Long-term Testosterone Boosts Urinary, Sexual Function

Liam Davenport

August 24, 2017

Men with testosterone deficiency who take long-term testosterone-replacement therapy experience improvements in urinary and sexual function, as well as better quality of life, a registry study suggests. In addition, the data show no increase in risk for adverse events with the treatment.

Following 656 men with hypogonadism for up to 10 years, the researchers found that those who received testosterone therapy to physiological levels had significantly fewer urinary symptoms and were less likely to have erectile dysfunction, despite increases in prostate volumes.

The study, which was a collaboration between researchers from Boston University School of Medicine and Public Health and urologists in Germany, was published online in the Journal of Urology on July 18.

The results show that testosterone therapy "is well-tolerated, with progressive and sustained improvement in urinary and sexual function and overall improvement in quality of life," lead author Abdulmaged Traish, PhD, department of urology, Boston University School of Medicine, Boston, Massachusetts, said in a press release.

Despite concerns that testosterone treatment may increase prostate size and lead to lower urinary-tract symptoms, these problems were not seen in the study group.

The observational, prospective, cumulative registry study included men who sought medical treatment for urological complaints. The men, who had a mean age of 60.72 years, had average total testosterone levels of ≤12.1 nmol/L and symptoms of hypogonadism at baseline.

Following an initial 6-week interval, 360 men received parenteral testosterone undecanoate (TU) 1000 mg every 12 weeks for up to 10 years. The 296 men who opted against having testosterone therapy served as controls for the analysis. The median follow-up in both groups was 8 years.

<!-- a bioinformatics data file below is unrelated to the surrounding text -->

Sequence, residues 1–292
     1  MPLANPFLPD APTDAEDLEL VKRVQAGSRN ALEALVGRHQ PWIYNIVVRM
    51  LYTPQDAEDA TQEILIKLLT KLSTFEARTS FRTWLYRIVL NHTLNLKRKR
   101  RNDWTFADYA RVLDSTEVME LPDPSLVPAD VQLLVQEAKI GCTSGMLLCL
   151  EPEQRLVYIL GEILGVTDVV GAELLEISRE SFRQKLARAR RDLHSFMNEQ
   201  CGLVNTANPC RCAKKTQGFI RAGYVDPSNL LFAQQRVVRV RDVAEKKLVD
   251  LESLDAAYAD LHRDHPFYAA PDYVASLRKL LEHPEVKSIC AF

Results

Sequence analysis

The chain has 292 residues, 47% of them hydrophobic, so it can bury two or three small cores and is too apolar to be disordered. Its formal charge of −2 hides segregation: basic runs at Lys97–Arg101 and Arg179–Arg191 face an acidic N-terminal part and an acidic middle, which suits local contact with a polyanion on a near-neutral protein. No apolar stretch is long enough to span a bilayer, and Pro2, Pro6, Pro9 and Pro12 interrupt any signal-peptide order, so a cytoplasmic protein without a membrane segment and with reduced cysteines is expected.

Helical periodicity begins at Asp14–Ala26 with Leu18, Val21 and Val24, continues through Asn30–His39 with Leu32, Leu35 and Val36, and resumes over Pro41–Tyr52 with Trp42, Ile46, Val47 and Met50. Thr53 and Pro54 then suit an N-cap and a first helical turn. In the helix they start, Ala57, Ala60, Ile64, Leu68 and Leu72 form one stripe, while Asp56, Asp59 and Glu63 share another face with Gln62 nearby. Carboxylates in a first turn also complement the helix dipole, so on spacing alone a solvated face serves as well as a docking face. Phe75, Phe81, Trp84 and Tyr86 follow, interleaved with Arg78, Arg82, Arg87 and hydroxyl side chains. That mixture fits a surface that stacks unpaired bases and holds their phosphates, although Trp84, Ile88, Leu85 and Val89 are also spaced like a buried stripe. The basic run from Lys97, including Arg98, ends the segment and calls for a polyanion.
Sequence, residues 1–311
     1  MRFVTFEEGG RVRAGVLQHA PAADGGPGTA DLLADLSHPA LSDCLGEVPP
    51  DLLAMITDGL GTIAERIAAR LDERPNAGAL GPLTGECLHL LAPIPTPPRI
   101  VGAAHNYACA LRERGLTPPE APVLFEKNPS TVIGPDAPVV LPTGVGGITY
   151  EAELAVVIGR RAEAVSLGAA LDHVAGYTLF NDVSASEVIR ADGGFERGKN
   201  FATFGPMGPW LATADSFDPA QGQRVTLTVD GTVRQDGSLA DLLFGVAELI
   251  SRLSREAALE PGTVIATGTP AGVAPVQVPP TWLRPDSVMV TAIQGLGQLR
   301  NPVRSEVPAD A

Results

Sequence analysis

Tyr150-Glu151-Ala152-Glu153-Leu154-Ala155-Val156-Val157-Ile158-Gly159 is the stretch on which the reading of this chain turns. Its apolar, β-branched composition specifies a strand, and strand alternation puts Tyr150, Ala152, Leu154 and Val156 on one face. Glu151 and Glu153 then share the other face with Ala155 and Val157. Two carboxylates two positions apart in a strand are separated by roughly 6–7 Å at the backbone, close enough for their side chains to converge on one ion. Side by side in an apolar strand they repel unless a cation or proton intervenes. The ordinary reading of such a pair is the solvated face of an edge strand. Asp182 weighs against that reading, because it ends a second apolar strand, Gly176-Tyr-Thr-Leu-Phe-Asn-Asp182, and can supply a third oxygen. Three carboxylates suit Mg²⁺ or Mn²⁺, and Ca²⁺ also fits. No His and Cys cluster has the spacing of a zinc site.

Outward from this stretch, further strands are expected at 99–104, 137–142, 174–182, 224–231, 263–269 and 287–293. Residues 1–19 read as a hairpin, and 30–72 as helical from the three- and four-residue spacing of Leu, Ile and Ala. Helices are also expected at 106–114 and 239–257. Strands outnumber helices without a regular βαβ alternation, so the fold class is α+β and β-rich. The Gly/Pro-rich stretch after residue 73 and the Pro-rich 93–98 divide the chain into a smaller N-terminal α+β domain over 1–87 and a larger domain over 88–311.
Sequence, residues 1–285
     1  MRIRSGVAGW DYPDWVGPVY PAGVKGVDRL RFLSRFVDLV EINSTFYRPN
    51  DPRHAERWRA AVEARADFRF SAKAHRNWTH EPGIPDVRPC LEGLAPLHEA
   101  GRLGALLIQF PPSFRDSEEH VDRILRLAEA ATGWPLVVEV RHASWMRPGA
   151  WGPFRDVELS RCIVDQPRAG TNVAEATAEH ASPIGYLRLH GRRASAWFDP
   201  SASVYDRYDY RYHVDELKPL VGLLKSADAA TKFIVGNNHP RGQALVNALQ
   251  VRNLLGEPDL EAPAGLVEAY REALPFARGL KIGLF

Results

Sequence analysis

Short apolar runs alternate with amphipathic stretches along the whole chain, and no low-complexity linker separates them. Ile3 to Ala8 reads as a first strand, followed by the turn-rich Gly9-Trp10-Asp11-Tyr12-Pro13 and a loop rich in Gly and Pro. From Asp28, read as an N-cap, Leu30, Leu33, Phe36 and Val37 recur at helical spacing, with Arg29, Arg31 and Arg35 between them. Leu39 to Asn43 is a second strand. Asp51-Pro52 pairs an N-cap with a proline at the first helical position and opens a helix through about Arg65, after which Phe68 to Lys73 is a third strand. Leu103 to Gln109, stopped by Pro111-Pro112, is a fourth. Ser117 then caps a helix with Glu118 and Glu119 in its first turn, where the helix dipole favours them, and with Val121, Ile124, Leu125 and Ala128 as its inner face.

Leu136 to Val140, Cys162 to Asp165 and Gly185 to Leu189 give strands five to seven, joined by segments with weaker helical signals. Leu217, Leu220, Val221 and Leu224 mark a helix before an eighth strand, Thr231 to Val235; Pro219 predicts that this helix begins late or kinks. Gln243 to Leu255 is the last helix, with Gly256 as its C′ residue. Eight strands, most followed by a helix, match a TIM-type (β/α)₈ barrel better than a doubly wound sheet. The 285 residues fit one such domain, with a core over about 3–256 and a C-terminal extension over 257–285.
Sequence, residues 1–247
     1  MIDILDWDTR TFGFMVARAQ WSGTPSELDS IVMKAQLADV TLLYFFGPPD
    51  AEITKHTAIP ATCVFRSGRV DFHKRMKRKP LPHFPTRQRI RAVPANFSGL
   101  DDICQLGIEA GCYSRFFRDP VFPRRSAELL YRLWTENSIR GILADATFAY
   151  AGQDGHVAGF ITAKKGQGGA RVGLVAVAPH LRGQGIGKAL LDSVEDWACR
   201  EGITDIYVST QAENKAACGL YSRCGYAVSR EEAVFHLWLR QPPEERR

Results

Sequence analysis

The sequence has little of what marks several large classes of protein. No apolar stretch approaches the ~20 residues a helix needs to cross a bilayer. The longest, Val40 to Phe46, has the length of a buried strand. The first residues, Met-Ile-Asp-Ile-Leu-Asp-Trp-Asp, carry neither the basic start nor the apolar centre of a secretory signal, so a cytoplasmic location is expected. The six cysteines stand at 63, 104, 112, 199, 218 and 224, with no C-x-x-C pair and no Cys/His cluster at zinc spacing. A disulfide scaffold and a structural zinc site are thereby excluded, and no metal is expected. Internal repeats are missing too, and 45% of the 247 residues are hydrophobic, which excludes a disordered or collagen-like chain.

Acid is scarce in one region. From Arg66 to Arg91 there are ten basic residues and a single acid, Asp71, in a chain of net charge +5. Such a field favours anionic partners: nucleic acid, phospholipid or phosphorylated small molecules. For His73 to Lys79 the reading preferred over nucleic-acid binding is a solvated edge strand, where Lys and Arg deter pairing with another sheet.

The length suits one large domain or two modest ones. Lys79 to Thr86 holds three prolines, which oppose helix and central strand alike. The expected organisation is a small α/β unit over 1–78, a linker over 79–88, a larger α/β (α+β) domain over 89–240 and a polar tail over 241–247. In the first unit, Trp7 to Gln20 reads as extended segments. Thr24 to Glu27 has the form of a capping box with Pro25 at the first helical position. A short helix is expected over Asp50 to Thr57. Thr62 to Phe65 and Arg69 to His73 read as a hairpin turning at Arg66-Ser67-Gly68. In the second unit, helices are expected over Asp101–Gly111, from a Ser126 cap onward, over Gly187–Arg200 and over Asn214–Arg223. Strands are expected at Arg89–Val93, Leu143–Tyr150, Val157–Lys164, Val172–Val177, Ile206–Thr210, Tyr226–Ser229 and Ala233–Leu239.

Analysis of baseline factors identified significant differences between men who did and who did not take testosterone therapy in terms of mean age and body mass index, scores on the International Index of Erectile Function and International Prostate Symptom Score (IPSS), prostate volume, prostate-specific antigen levels, concomitant medications, and quality of life on the Aging Males' Symptoms scale (AMS).

To control for these differences, the researchers performed propensity matching, selecting 82 patients from each group matched for age, waist circumference, and body mass index.

The only significant baseline differences between the matched groups were in IPSS, at mean scores of 7.4 and 4.3 in the treated and untreated groups, respectively, in AMS, at mean scores of 53.8 and 40.6, respectively, and in their use of phosphodiesterase type 5 inhibitors (< .0001 for all).

As expected, testosterone treatment restored testosterone levels to within the physiological range within the first year and remained at that level for the rest of the follow-up period.

Men treated with testosterone had sustained reductions in IPSS, particularly during the first 2 years, which remained statistically significant after adjustment for multiple confounding factors (< .0001).